Greetings and salutations, everyone; yes, once again it is I, your popular host, Mani the purebred border collie, here today with all sorts of interesting things. You may remember me from such similarly-themed posts as “The Engine Rabbit”, among so many, many others.
Here I am in a characteristically horticultural pose.
I’m checking the garden for voles, which I think have moved into the garden.
The guy I live with is very much against having voles in the garden, I mean like super-extra-totally against, but, well without going into any detail, he knows I’ll take care of them. We purebred border collies dislike voles intensely. I don’t know why; we just do.
This is me again, going to another part of the garden, to check again.
It’s been super dry here, and so the guy I live with has been watering, a little. Maybe you can see how dry the garden is.
And look at the field. They mowed it just a few days ago. You can actually see the mower off in the distance.
With the watering in the garden, things are changing here. I mean, things always change, which is kind of weird, since I like things staying the same, but we can see the changes with just twenty minutes’ worth of watering.
We can also tell that the seasons are changing. It’s still way too hot every day, but the nights are cooler. September and October are very difficult months, emotionally, for the guy I live with, even after all these years, but we are looking forward to cooler daytime temperatures, eventually.
The cowpen daisies (Verbesina encelioides) like a little bit of watering, depending on the soil they’re growing in. Soil types, texture and stuff, make a big difference in how plants grow and endure drought, but not many people talk about that sort of thing except to go on about organic matter, which isn’t what we’re talking about here.
They have a kind of chocolate smell, according to the guy I live with. I’m not allowed to have chocolate.
The main garden in back (not the “way back”) has lots of Aster oblongifolius flowering now. (We don’t have time to type Symphyo whatever.)
They’re purpler than the picture shows.
This aster is native to areas farther east, so it’s one of the very few plants native east of the 100th meridian in our garden. It’s also native to Colorado, in the extreme southeastern part of the state, near the New Mexico and also Oklahoma state lines. The guy I live with has never been there. He says it would involve a several-hour drive through basically nothing, just to get there to look at asters.
When the guy I live with and his wife got Slipper, a purebred border collie who lived here before me, and Chess’s first cousin, they drove out to eastern Colorado, to a place where there were no trees within sight in any direction.
Colorado, if you didn’t know, is actually three regions. The eastern plains, which are called plains for a good reason (though there is a wooded area to the southeast of us called “The Black Forest”), and then the mountains, and then the “rimrock country” and other places, out in the western part.
We live pretty much right where the mountains stop and the plains start, but not really on the plains, like where Denver is. We live surrounded by what they call “outwash mesas”; there’s a mesa within walking distance of our house. (If you want to get a better idea, see Chess’s post “Where We Live”.)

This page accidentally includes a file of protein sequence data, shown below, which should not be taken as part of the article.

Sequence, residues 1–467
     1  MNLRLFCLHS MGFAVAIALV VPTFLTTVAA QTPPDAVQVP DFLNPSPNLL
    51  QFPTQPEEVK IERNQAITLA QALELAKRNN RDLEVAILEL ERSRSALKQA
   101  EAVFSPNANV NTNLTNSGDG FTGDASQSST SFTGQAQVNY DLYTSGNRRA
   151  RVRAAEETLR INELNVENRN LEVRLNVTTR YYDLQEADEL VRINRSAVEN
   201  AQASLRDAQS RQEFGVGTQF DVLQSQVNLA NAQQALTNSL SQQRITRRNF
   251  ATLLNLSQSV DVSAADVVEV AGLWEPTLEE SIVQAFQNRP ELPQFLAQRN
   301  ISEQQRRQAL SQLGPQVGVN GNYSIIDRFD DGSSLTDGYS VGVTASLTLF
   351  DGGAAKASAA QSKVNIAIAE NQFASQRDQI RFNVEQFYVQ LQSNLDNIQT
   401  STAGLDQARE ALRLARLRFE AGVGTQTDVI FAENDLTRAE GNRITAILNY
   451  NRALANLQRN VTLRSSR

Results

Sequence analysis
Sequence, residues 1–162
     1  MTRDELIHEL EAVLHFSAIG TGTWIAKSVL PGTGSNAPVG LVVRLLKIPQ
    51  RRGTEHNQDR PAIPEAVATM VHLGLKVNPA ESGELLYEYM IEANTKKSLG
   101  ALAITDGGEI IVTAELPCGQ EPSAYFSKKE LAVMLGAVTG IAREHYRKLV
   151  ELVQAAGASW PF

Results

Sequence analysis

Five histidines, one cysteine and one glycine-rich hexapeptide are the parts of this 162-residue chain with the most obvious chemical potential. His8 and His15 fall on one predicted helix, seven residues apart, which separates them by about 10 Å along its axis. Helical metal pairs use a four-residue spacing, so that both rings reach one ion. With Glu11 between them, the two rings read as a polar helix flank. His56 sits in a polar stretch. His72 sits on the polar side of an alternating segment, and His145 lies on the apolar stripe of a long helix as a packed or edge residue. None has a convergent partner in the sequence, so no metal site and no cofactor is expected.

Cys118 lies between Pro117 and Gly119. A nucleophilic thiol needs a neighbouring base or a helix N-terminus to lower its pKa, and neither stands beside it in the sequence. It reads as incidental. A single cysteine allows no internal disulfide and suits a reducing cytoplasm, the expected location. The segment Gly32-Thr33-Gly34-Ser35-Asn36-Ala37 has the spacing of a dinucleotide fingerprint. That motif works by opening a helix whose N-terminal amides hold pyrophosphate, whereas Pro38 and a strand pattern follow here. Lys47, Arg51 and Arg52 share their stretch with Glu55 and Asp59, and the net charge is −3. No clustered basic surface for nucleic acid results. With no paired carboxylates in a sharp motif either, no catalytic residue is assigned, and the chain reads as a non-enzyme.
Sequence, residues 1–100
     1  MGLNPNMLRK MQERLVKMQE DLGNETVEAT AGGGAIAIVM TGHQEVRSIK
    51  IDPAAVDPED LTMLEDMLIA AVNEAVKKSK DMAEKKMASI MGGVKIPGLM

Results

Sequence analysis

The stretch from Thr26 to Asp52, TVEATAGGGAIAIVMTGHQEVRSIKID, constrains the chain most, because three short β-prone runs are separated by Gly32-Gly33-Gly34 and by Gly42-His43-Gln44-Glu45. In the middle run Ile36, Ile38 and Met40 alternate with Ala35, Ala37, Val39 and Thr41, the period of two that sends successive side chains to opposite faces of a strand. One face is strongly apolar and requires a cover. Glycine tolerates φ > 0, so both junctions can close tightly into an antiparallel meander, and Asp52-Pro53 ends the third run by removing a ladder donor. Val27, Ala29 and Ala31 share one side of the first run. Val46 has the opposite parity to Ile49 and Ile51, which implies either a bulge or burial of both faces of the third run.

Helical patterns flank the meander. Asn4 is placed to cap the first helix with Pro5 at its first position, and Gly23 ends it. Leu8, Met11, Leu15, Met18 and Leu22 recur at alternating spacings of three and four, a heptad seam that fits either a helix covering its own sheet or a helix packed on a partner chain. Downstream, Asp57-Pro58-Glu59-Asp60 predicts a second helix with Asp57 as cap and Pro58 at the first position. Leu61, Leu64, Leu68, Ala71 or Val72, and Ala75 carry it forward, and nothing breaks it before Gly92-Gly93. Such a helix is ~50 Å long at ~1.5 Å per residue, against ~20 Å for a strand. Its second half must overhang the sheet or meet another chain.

Sedum ‘Matrona’ has been attracting hundreds and hundreds of bees. The plants have been getting a little extra water, since they’re growing next to my Private Lawn (which is buffalo grass).
The colchicums have started to flower, too. They’re being devoured by the zillions of grasshoppers in our garden. I don’t like grasshoppers, because they land on me.
This is ‘Innocence’, the guy I live with’s favorite, maybe.
Let’s see…what else?
Oh, there was another visitor on the patio, but much less large than our last one. The guy I live with said this was the caterpillar of the Achemon sphinx, Eumorpha achemon.
I thought it was pretty scary.
One of the moths flew into the kitchen last summer. The guy I live with went to a lot of trouble to catch it, and then he released it out onto the patio. I caught it and ate it.
He was pretty upset with me, but I think that was because he’s never tried moths.
And then there’s the cricket. We have a cricket in our kitchen. It’s really loud. I suppose if I saw the cricket hopping around, I would try it, too.
You never really know what’s good until you try it. Lots of protein, I guess.
And now I have two fairly unbelievable things.
The first is that I have some owl pictures. I know, right? Owls? Hard to believe we have owl pictures and are going to show them, but we are.
They’re down at the very end of my walk, in the evenings. So not as close by as they were last year.
Then, yesterday evening, there was one, I think it was looking into the kitchen of the house we walk by, because we could hear that there was someone there. It was just looking and looking.
The guy I live with got its attention, and it looked at us.
Then just this evening, there was one on the fence that marks the end of the field, and the beginning of someone’s property. (I guess the guy I live with knows the people who own this property now.)
The other unbelievable thing, and this is pretty unbelievable, is that we are getting very close to our thousandth post. No, really. One thousand posts. We’ll let you know when it happens.
That’s something to think about.
Until next time, then.